About

About

While I Breath, I Hope is an ambitious programme of events taking place in St Andrews in 2018 to mark the centenary of the ending of the First World War.

Created by the Byre Theatre, this website is a community archive for the people of St Andrews and Fife to remember the First World War and the years that followed in which the Byre Theatre was founded.

While I Breathe, I Hope takes its name from the town motto of St Andrews: Dum Spiro Spero or While I Breathe, I Hope.

The Byre Theatre is grateful for a grant from the Heritage Lottery Fund, awarded through the First World War: then and now programme.

Thanks also go to the St Andrews Preservation Trust for all its support and to everyone who has given time and shared stories and memories of St Andrews with us.

Where to start:

As part of this project, we asked storyteller Andy Cannon to deliver workshops in schools and around the community and commissioned Martin Clark to make several films. Take a look at Martin’s films of Andy Cannon sharing the story of the Founding of the Byre and how the founders were affected by World War One and our interview with Scottish Military Historian Hew Strachan.

Poetry by Roderick Manson

St Andrews in the First World War

On 11th and 15th November, 2018, Roderick Manson joined us in our Pages of the Sea and While I Breathe I Hope homecoming walk and website launch events, and was so inspired that he took pen to pad and wrote some new poems, which he has very kindly let us share with you all below. Here is what Roderick had to say:

“Although I have written poems themed around The Great War before, I felt that I wanted, as my personal response and tribute to those who fell, were wounded (physically or otherwise) and those who served unscathed, to write some poems around the time of the 100th anniversary of the Armistice. Being somewhat obsessed by numbers and symbols, I wanted to work the numbers fourteen and eighteen into the project somehow, it being the 14:18 War. Being delighted at the stroke of serendipitous symbolism that had the community archive launch event four days later,  I then used the walk paralleling the old railway line from Leuchars Railway Station to where St. Andrews Railway Station used to be to compile a sequence of eighteen poems to commemorate its end.”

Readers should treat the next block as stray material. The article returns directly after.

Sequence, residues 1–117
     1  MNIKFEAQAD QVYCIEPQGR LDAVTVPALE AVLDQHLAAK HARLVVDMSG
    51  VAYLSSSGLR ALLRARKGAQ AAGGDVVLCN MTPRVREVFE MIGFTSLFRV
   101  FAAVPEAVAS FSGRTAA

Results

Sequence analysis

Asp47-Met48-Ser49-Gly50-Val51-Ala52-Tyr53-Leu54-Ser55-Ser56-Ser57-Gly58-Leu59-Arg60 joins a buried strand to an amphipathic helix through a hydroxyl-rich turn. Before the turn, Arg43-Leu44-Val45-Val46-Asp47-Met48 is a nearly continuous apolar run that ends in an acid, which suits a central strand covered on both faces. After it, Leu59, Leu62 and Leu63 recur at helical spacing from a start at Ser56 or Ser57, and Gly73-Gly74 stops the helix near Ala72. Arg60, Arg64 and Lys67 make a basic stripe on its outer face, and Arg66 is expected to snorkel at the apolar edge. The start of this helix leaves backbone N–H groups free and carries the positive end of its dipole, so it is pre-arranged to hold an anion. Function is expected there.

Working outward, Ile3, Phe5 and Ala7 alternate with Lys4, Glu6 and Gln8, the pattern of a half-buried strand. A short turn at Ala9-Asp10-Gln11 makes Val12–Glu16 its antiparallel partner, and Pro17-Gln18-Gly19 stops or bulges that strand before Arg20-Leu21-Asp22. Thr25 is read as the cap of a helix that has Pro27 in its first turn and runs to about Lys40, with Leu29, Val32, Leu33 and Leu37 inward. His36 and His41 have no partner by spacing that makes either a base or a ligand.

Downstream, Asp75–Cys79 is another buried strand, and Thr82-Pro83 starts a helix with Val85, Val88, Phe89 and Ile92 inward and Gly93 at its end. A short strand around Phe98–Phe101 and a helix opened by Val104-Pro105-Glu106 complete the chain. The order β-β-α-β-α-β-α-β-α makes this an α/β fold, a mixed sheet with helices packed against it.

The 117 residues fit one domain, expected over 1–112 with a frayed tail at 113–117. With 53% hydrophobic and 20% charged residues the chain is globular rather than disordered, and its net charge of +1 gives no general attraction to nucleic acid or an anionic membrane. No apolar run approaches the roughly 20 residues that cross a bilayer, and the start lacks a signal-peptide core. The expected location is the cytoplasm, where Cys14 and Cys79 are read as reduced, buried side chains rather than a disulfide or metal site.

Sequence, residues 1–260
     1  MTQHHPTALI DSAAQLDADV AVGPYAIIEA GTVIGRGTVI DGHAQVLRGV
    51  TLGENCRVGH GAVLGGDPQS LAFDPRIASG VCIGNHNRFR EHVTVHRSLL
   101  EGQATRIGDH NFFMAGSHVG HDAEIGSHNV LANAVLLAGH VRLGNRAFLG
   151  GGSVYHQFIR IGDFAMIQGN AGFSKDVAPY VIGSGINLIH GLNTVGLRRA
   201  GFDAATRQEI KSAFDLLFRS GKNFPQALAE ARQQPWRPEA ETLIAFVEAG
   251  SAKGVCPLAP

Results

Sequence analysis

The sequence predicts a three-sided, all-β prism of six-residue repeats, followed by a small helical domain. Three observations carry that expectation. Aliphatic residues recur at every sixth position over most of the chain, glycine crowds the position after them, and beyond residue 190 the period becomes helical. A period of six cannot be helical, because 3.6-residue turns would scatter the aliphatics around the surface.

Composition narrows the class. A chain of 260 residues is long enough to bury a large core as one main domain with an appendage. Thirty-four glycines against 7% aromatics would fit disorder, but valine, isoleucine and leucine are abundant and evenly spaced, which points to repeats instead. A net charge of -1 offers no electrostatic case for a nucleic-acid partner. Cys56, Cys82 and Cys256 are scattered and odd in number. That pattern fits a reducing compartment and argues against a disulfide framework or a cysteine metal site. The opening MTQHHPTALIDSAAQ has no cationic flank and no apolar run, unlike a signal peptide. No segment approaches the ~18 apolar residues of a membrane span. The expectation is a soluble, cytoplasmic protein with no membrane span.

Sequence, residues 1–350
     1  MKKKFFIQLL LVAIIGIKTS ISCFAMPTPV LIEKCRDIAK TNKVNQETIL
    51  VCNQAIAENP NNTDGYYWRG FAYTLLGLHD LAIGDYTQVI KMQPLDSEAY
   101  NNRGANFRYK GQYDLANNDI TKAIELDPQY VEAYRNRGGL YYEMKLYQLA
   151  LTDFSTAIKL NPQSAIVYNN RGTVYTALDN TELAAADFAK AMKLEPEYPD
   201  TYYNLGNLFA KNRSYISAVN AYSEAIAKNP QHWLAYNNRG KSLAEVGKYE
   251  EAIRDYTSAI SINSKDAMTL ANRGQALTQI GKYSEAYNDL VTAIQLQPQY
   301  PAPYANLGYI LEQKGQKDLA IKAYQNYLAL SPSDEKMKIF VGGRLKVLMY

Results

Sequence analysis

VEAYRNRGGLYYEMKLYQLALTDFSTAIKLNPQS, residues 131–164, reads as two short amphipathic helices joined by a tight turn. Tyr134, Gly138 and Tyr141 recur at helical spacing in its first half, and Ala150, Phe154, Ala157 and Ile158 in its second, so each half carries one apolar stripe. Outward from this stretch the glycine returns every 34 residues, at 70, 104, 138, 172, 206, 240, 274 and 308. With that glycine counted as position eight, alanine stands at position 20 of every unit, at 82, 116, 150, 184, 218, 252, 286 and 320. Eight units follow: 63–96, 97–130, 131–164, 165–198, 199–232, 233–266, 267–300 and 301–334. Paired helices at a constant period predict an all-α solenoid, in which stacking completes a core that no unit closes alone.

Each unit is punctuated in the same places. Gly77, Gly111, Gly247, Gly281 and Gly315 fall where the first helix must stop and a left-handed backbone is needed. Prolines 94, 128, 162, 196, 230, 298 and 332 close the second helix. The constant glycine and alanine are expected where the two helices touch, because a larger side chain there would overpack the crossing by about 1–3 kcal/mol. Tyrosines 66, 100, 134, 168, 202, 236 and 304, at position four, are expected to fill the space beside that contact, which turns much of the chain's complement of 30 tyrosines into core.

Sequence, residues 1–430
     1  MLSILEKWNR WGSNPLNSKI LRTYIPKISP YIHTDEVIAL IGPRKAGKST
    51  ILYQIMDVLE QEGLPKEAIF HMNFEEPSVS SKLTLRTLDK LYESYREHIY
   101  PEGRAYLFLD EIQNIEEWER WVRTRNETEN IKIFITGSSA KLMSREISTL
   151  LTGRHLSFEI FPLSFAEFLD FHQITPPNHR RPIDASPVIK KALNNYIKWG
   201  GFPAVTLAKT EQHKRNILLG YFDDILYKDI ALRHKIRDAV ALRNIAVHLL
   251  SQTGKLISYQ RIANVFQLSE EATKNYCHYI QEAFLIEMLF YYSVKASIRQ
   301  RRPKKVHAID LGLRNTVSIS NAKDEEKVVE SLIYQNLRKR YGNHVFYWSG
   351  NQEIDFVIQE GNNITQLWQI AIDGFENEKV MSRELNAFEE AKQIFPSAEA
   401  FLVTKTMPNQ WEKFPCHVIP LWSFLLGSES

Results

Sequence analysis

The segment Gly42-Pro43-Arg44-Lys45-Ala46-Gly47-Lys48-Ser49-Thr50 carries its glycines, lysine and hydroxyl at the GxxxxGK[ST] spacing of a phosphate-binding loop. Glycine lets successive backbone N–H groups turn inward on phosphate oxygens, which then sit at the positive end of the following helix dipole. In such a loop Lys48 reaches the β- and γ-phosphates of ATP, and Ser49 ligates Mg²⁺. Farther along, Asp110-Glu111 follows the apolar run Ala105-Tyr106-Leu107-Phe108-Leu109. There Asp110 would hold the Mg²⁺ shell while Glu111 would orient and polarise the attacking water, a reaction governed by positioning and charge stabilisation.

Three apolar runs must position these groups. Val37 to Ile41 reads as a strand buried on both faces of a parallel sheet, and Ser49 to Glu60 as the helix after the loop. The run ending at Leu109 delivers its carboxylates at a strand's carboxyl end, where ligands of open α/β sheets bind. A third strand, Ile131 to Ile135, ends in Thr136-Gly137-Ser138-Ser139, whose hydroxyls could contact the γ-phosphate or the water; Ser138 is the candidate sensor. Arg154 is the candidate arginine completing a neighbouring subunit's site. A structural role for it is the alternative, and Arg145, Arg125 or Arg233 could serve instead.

While I Breathe, I Hope

lines from the returning, 1919

(One)

Fragments,
clouds bulleting a clear grey sky,
shrapnel
melon-slicing a neighbour’s skull,
memories
tearing through the future
beyond death.

(Two)

Behind
are railway tracks,
parade grounds,
bombed-up roads,
prescribed up to the trenches:
ahead
is the choice of where and when
and no choice to remember it all.

(Three)

We are not heroes:
we are cogs in a machine,
broken parts in need of repair
or replacement, as often as not,
but, a machine that functioned,
a machine that prevailed:
to a land fit for parts
we return.

(Four)

In the rain,
we stroll home
through the mud
that clings like a child,
that gives life to our crops
and to us.
But, all we remember
is the mud that is graves
not buried deep enough.

(Five)

I left a boy:
I return a man.
So many were left behind,
so many were damaged,
so that I could mature
before my allotted time.

(Six)

The science of war –
I breathed in air;
I breathed in gas;
I breathed in mud.
The failure of the experiment
went unrecorded.

(Seven)

Welcome to the machines
that breath death,
that will evolve
to breath more death,
and we who are compelled to help
lest the dead be us.

(Eight)

So many women;
so few men.
War is not so bad
if you survive.

(Nine)

I sought my love’s hand
but I had none to offer
in return.

(Ten)

I do not want your pity.
I do not want your praise.
I do not want your medals.
I do not want parades.
I do not want dead monuments.
All I want is your grave.

(Eleven)

The silence
of footsteps
that do not fall
is not heard here
anymore.

(Twelve)

What is the point
of coming home
to die?

(Thirteen)

November leaves,
one per body,
falling.

(Fourteen)

A bridge across the Eden
became a bridge in the Tay:
we have left Paradise far behind.

(Fifteen)

The cat has nine lives,
yet looks on me
with envy.

(Sixteen)

Where do I live?
That bed where I lie
or the grave
I could have filled
unmarked?

(Seventeen)

Are these the crows we saw in France
pecking the eyes of ghosts?
Are these the rats we saw in Flanders
gnawing for the marrow in the bones?
Are these the flies we saw in Belgium
buzzing the death-fluids air?
Is this the Angel I saw at Mons
weeping sixteen million tears?

(Eighteen)

As pilgrims of pain
we shrive to the shrine:
the Saint was not with us
in Hell.

(Nineteen)

Over my shoulder,
a gun not forged.
In my pocket,
bullets not made
for the not yet gun to fire
into bodies as yet unborn.

Roderick Manson  (15th November, 2018)

(Written on the Homecoming Walk from Leuchars Station to St Andrews Old Railway Station as part of the launch of the “While I Breathe, I Hope” online community archive on 15th November, 2018)


West Sands

(Inspired by the image of suffragist doctor, Elsie Inglis, commemorated on the West Sands, St. Andrews, 11th November, 2018)

The men and boys all choose to go to France
or Belgium, once they find out where that is.
Their love of country is a deeper dance:
love is not love where death does not exist.
The fishermen read pages of the sea
where graves of men and nations are not seen:
in shifting tides of war there is no “me”,
the passion of the waves will scourge them clean.
Duty is gender-neutral, has no flag
or uniform mistaken for a boast,
secretes its bombast in the old kit bag,
a silent isle of virtue in the host.
Woman can die as readily as man:
we choose to bring such comfort as we can.

Roderick Manson (11th November, 2018)